The incarnate Jesus gives us the "posada" or shelter he and his family were once refused, the one who fasted, feeds us with his own body and redeeming blood and clothes us with his own righteousness. Knowing the immensity of God's love for us, knowing healing of body and soul, knowing that nothing can separate us from the love of God, we can begin again. In Communion our strength renews. Find warmth by telling the story of our rescue and redemption, like those on the Emmaus road, hear Jesus speak through Moses and the prophets, and in the breaking of bread eyes will be opened.

We must see Christ in all his creation - reflections of a loving God in every person we meet. Out of an over-abundance of love, we, without even thinking, reach out in love. Like a certain Belgian Priest volunteering to serve the Leprosarium on Molokai, our hand goes out without us knowing, in an impulse reverberating the love of Christ from the cross.

Last year in early November, a vast number of Pilgrims ventured to Rome for Damien's Canonization, including a small contingent from St. Thomas the Apostle - Hollywood. The day after Blessed Damian was named Saint, there was a special Mass at St. Paul's Outside the Walls. At the peace I turned to the person closest to me and naturally reached out to give peace. I looked down and was horrified. The man in the wheelchair, about to clasp my hand, was a patient from the colony at Molokai, a leper. Honestly, there was an impulse to pull away, but looking into his eyes, I saw him. I saw Jesus bracing for rejection, the pulling away of hands would signal that he is still an outcast, somehow unclean, and unworthy of love.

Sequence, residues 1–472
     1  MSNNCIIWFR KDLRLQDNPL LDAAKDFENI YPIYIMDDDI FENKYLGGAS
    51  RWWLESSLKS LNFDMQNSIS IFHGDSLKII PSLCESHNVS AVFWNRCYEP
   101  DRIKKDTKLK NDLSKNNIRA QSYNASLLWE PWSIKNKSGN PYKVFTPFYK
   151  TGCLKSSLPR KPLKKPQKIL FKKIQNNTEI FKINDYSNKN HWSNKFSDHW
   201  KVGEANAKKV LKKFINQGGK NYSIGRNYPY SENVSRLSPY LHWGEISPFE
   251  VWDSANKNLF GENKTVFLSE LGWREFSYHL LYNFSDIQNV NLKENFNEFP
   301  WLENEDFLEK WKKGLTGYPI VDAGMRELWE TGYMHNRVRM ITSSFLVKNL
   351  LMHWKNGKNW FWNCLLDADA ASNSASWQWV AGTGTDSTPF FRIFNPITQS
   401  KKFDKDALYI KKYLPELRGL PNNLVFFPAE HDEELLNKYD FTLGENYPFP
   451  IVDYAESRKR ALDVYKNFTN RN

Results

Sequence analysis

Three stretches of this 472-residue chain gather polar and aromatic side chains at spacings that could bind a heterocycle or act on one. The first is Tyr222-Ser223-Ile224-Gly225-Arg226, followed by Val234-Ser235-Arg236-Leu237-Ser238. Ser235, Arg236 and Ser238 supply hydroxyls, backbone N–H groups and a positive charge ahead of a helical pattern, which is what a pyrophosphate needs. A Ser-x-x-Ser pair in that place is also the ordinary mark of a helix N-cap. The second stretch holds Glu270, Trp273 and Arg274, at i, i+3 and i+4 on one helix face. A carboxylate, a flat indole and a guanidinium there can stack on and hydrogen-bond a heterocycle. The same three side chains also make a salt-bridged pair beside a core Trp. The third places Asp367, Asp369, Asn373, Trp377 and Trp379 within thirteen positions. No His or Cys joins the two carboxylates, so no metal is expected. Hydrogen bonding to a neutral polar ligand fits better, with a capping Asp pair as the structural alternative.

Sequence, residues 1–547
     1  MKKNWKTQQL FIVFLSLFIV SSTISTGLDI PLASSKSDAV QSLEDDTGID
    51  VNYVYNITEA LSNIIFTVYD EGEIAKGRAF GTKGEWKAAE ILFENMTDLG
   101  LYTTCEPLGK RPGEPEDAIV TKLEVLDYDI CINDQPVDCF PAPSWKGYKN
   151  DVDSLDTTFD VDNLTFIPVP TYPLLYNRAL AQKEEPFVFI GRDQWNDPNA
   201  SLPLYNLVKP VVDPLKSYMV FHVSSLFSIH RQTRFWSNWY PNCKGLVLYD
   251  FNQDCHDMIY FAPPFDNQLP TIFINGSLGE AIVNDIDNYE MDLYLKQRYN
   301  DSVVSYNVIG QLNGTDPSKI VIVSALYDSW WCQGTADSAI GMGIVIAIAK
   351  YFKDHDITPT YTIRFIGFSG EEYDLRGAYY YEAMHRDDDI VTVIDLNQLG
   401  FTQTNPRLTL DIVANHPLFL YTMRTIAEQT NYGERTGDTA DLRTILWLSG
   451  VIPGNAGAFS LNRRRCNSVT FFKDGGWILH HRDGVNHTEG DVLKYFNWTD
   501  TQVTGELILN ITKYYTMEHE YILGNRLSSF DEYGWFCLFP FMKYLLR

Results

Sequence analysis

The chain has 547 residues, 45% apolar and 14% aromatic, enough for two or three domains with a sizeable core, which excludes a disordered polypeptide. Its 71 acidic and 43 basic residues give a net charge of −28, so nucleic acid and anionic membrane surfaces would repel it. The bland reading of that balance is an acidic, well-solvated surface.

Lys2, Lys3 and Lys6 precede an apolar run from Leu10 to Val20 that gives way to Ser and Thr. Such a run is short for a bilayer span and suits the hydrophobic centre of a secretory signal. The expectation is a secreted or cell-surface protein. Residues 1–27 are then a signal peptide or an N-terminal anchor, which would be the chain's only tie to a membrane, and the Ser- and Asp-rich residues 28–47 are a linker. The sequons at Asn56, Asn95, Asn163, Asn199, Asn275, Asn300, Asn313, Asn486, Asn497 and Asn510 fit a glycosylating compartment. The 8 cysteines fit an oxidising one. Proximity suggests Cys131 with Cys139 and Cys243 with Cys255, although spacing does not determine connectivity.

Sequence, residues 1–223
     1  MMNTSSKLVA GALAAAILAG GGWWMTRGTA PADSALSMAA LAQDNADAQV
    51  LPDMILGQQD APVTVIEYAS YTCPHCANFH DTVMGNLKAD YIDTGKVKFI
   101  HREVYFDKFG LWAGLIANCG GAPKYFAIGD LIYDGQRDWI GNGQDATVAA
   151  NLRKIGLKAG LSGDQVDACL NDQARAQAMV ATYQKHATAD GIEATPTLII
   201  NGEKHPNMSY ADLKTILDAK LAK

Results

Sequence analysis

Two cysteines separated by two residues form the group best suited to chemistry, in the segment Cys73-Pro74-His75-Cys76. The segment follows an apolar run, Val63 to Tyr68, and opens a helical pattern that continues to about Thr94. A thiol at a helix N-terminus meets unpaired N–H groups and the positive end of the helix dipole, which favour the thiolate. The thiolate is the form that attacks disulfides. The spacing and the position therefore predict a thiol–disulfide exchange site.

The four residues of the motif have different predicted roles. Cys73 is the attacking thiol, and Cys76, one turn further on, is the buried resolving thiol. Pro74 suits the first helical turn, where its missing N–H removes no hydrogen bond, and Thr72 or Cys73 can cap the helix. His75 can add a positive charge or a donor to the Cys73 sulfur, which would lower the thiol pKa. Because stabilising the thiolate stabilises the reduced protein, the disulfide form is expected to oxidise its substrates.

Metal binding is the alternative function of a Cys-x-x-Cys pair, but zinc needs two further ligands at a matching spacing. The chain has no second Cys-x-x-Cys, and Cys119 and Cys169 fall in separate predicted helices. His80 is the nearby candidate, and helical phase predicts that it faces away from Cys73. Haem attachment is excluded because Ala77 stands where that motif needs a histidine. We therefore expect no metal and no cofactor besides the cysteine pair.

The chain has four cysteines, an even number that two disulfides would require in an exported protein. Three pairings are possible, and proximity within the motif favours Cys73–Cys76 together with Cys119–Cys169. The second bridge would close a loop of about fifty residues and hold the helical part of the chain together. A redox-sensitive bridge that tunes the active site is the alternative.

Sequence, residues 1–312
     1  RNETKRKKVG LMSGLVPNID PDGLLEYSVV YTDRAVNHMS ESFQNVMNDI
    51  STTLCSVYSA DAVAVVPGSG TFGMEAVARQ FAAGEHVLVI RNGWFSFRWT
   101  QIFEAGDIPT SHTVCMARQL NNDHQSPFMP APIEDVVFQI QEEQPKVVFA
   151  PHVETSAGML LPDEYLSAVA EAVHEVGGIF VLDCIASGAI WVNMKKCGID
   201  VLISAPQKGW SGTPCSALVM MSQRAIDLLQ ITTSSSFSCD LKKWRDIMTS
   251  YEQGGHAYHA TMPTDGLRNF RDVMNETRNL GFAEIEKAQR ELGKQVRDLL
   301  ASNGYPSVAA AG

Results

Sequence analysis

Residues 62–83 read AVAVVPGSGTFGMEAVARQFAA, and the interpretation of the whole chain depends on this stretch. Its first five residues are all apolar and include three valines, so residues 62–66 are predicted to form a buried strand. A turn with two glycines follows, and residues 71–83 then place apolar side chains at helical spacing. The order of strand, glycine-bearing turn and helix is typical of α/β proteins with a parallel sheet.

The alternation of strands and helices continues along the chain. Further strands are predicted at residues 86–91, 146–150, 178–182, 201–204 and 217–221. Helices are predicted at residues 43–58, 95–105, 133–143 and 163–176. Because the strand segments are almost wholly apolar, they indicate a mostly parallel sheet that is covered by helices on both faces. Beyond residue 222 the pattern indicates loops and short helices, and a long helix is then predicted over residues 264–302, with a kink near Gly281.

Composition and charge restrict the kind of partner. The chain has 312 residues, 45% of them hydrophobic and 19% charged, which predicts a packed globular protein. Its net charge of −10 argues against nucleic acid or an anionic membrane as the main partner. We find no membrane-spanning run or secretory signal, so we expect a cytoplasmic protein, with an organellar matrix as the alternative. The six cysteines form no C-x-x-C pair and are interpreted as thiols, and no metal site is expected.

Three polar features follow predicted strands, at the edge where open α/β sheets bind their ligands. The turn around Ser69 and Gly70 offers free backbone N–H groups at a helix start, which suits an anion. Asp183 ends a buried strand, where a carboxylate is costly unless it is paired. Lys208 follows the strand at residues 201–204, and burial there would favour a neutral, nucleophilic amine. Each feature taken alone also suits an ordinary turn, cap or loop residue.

Still looking into his eyes, I clasped his rough hand and hugged him. We felt peace. We both experienced healing and were made whole. Strangely, roles reversed. I became the embraced. Let's make our homes in the heart of Jesus, fully warmed in His love, so that they never grow cold and callous to the needs of our neighbor.

What must I do to inherit eternal life? The answer lies in following the path our Lord walked. St. Augustine expounds in a happy paradox that "not by journeying but by loving we draw nigh unto God. To Him who is everywhere present and everywhere entire we approach not by our feet but by our hearts". The first Psalm puts it like this, "Happy are those who do not follow the advice of the wicked, or take the path that sinners tread, or sit in the seat of scoffers." Therefore avoid the uninformed or mean-spirited advice of those that argue over exactly who is our neighbor. If we can find the face of Jesus in the Leper, we can find it in ourselves and others. Do not take those paths that lead you and, by your example, others further from active loving, instead, delight in the law of the Lord and on his law of love meditate day and night.

You will know you are on the right path when you are thinking of others first before thinking of yourself. Then you will be like trees firmly planted by streams of life giving water, and you will yield the fruit of righteousness. Your leaves will not wither. All that is done in Love's holy name will prosper and you will be given the laurel crown of everlasting life adorned with every good deed.

Sunday, September 26, 2010


I've been up in Berkeley for four weeks and have begun to develop a routine. Many of us are up early for Morning Prayer, classes, weekday Eucharist, lunch, more classes, Evening Prayer, perhaps more classes and lots and lots of studying. Some students form study groups and I'm participating in one for a Hebrew language class and a discussion group for Early Christian History.

The community has a distinct personality. Each class has shaped the life of CDSP as an institution as much as it has shaped the individuals that make up the student body. Not everything is learned in the classroom. The professors are amazing. The faculty really cares about the seminarians and each in their own way has already made an impresion upon us. In addition to prodding our preconceived notions of how things "should" or "ought" to be in the Episcopal church, we are, in a sense, forced to look long and hard at our own beliefs, at our preferences, and at our selves.